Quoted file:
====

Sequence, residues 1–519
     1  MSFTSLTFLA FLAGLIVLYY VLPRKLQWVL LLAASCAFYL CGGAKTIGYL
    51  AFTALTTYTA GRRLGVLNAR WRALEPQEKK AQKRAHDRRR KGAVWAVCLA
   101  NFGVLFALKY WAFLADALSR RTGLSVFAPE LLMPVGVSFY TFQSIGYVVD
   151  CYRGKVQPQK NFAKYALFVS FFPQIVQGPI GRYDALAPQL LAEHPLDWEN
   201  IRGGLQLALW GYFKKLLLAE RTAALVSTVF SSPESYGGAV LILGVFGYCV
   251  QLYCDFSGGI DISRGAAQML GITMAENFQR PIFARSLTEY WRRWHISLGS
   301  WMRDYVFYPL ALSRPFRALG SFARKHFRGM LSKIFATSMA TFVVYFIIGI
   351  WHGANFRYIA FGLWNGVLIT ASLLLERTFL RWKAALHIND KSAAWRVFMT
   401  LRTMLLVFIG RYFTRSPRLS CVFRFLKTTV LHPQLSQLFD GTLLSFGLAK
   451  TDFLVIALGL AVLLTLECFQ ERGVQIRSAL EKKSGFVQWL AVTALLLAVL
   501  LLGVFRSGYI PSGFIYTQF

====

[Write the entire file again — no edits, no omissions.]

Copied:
Sequence, residues 1–519
     1  MSFTSLTFLA FLAGLIVLYY VLPRKLQWVL LLAASCAFYL CGGAKTIGYL
    51  AFTALTTYTA GRRLGVLNAR WRALEPQEKK AQKRAHDRRR KGAVWAVCLA
   101  NFGVLFALKY WAFLADALSR RTGLSVFAPE LLMPVGVSFY TFQSIGYVVD
   151  CYRGKVQPQK NFAKYALFVS FFPQIVQGPI GRYDALAPQL LAEHPLDWEN
   201  IRGGLQLALW GYFKKLLLAE RTAALVSTVF SSPESYGGAV LILGVFGYCV
   251  QLYCDFSGGI DISRGAAQML GITMAENFQR PIFARSLTEY WRRWHISLGS
   301  WMRDYVFYPL ALSRPFRALG SFARKHFRGM LSKIFATSMA TFVVYFIIGI
   351  WHGANFRYIA FGLWNGVLIT ASLLLERTFL RWKAALHIND KSAAWRVFMT
   401  LRTMLLVFIG RYFTRSPRLS CVFRFLKTTV LHPQLSQLFD GTLLSFGLAK
   451  TDFLVIALGL AVLLTLECFQ ERGVQIRSAL EKKSGFVQWL AVTALLLAVL
   501  LLGVFRSGYI PSGFIYTQF